There is no sign of a respite in the infighting between rival factions of Albania’s opposition Democratic Party in the run-up to the country’s May local elections, leaving the way clear for another resounding Socialist victory a decade after the party came to power at state level.
The ongoing struggle for control between Sali Berisha, who was elected party leader by members in May 2022, and Enkelejd Alibeaj, who leads the party’s parliamentary group, has dragged on for months, with both factions seeking to register the party for the May 14 local elections.
After initially rejecting both sides’ requests, the Central Electoral Committee decided following an appeal to accept Alibeaj’s request to register the Democratic Party for the election.
Berisha, meanwhile, has agreed to join forces with former president Ilir Meta’s Freedom Party and some smaller opposition parties and field joint candidates, selected through primaries they are currently organising.
Previously, the CEC said Lulzim Basha, who stepped down as leader of the Democratic Party a year ago, is still officially its leader, as control was never formally handed over to Berisha, and has the right to register it for the upcoming local elections. Basha has delegated leadership of the party to Alibeaj.
In the latest development, Alibeaj has called on the CEC to deregister Berisha’s list.
The rupture within the Democratic Party follows a lengthy power struggle between Berisha and the party’s former leader Lulzim Basha that culminated in an attempt by Berisha’s supporters to storm the party headquarters in Tirana in January 2022.
Polls in recent months have shown a disillusioned and polarised electorate with no politician, ruling party or opposition, having widespread appeal.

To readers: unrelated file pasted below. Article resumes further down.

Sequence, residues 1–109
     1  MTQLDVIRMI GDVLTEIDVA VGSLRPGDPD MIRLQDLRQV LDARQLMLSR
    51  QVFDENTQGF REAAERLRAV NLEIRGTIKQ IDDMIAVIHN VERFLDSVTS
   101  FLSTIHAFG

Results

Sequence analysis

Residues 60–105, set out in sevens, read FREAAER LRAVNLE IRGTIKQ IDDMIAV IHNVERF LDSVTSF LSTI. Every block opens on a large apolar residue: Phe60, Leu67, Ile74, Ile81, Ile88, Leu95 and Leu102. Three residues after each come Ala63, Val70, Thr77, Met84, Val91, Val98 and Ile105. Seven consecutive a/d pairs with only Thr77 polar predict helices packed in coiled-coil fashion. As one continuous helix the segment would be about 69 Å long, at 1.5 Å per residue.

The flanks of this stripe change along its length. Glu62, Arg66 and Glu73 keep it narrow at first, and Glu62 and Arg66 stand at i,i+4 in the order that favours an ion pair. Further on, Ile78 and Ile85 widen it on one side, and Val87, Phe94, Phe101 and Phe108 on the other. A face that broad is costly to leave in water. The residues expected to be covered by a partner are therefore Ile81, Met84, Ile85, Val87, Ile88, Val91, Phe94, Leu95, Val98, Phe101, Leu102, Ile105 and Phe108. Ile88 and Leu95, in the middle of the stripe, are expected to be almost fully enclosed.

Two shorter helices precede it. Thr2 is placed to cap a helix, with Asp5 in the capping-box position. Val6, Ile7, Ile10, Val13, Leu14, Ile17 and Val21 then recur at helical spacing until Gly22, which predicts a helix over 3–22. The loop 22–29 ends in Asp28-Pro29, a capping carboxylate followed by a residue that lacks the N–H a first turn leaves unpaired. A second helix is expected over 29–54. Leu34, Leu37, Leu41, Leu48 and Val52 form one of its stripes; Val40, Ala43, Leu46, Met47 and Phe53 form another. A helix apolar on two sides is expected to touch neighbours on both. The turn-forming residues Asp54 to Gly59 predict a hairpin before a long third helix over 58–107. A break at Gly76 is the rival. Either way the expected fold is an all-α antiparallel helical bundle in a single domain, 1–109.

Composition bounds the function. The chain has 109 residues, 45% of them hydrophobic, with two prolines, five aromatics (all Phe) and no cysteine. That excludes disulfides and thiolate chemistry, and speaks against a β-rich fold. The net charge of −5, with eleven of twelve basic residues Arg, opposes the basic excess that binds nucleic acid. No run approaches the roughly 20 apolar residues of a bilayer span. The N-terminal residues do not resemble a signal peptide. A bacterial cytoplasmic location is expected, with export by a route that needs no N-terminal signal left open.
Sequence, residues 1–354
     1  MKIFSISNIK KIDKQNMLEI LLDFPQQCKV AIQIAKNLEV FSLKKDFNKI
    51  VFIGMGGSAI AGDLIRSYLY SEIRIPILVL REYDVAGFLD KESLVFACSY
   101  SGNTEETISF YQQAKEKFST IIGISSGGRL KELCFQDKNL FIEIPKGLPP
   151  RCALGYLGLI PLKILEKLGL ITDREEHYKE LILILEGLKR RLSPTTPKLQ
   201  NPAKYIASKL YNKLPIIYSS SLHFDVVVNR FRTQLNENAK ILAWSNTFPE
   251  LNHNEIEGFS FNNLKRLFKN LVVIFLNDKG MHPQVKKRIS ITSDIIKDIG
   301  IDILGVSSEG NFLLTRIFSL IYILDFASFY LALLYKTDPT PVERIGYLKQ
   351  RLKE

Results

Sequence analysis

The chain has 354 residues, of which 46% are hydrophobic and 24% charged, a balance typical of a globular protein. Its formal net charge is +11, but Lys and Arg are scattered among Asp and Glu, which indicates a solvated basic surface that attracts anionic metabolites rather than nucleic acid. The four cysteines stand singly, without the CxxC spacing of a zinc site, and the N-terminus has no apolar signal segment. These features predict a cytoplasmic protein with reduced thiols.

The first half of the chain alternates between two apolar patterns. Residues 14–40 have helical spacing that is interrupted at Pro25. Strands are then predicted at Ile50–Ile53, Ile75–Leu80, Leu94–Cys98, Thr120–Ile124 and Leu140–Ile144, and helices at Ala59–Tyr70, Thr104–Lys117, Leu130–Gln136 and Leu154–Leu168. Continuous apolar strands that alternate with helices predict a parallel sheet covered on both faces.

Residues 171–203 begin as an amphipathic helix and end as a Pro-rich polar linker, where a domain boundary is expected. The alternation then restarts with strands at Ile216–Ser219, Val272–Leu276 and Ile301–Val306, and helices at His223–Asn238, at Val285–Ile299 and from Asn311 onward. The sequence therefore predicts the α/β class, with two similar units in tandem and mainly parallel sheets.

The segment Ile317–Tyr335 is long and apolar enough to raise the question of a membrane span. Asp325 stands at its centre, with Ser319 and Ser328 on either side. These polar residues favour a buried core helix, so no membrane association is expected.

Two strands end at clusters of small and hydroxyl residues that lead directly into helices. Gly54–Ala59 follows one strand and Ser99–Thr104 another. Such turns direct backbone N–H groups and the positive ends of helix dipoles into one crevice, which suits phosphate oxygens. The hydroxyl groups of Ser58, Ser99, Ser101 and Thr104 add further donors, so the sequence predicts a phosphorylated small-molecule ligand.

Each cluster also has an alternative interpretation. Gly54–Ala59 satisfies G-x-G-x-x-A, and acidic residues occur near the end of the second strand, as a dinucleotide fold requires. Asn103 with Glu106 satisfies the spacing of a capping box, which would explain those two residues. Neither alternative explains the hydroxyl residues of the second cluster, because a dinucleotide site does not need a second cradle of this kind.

The Euronews Albania Barometer, for example, showed that more Albanians disapproved of Rama than approved of him, but he fared much better than opposition politicians such as Alibeaj, Berisha or Meta, whose ratings were overwhelmingly negative.
Berisha is a controversial politician who was named persona non grata by the US State Department in May 2021 due to his involvement in “significant corruption”, a statement from Secretary of State Antony Blinken said at the time.
Along with Berisha, his wife Liri Berisha and children Shkelzen Berisha and Argita Berisha Malltezi were also banned from travelling to the US.
After Berisha was blacklisted, Basha expelled him from the party’s parliamentary group, after which Berisha launched his campaign to regain control of the party.
His combative relationship with Alibeaj was clear when Berisha publicly pushed Alibeaj off the parliament podium in a televised incident in April 2022.
With the divided Democrats unlikely to regain lost support unless they resolve their differences, the Socialists appear to be heading for another election victory at the local elections in May.
That follows three consecutive general election victories, in 2013, 2017 and 2021, and a walkover in the last local elections in 2019, which were boycotted by the opposition.
Local by-elections held in March 2022 showed the Socialists remain strong vis a vis the opposition. The Socialists won five of the six by-elections and Berisha’s faction one. The failure of Basha’s faction to gain any seats eventually pushed him to resign.
The lack of an effective opposition is a worrying situation, as international observers have pointed to the misuse of administrative resources by the ruling party in recent elections.
The international observation mission for the 2021 general election commented in its report on the vote that the ruling Socialist Party "derived significant advantage from its incumbency, including through its control of local administrations, and from misuse of administrative resources. This was amplified by positive coverage of state institutions in the media.”